David: Your work is highly evocative and I now realize that its power comes from the fact that you don’t set out to draw or paint something. You engage the canvas in a way that it becomes a container for the projection of the deepest levels of your unconscious.
Larry: Art is primarily a mystical path for me, an intense going inward, hoping to pass through the eye of the needle and open up into the spiritual world on the other side. For that reason my work is intensely personal, yet at the same time it has to speak to all souls on some level. As I mentioned before, I try to accomplish this by harmonizing the three core aspects of myself: science, art and religion, or from another perspective – thinking, feeling and willing. And there in the midst of the harmonizing is the creator.
David: Spirituality has now entered the picture.
Larry: Yes. I become aware of the creator during the act of creating.
David: And that’s part of what you were just now saying. That it is not just about you. It starts with you but becomes about everybody and everything.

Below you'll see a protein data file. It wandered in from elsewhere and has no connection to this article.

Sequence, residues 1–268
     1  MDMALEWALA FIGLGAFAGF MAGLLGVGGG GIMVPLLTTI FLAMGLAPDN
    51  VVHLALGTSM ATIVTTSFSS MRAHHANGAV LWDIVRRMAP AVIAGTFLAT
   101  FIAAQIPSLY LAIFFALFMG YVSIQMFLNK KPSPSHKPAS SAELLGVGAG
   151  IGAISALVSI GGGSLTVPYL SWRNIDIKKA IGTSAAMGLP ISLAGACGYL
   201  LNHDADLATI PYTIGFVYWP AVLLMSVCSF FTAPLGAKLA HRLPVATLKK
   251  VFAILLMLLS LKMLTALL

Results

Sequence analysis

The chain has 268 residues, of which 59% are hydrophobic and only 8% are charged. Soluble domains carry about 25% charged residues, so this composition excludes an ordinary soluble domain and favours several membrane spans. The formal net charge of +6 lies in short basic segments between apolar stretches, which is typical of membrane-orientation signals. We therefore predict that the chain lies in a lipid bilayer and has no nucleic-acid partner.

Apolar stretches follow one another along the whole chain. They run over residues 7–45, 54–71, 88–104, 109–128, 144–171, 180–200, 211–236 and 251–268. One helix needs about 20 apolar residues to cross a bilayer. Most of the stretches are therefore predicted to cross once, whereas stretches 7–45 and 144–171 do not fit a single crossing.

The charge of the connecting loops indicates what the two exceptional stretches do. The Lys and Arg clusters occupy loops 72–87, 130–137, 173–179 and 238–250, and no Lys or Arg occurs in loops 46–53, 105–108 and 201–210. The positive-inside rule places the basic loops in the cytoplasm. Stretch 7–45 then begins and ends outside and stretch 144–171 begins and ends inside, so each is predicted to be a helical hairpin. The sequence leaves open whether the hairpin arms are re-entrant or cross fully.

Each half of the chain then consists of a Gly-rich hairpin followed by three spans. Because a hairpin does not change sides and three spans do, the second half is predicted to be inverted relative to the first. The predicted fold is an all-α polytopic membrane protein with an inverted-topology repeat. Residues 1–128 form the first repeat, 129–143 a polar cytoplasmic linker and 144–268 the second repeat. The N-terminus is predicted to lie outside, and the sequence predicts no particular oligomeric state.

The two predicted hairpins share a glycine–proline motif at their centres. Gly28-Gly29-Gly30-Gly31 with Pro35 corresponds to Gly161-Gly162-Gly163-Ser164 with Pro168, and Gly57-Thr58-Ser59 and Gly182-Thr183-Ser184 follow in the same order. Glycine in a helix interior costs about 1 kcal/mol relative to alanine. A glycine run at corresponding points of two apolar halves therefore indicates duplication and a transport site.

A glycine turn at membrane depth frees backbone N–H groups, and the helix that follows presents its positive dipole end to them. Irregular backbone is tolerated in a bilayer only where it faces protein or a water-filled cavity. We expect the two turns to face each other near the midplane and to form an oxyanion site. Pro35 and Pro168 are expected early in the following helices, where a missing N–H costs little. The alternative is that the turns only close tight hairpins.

David: So, engaging with art in a way that draws in science and religion moves you from the personal into the transpersonal and the doorway to the transpersonal is the creator that you get in touch with through this process
Larry: Yes. The creator is the being that observes me in the act of creating. When I connect with that being, time no longer exists and I can objectively look at myself from outside and observe what I’m creating, how I’m creating, and why I’m creating. In other words, I can experience if the work is true, beautiful and good. It’s an echo of that moment many years ago when my higher self looked in the rearview mirror and saw the objective truth about my lower self.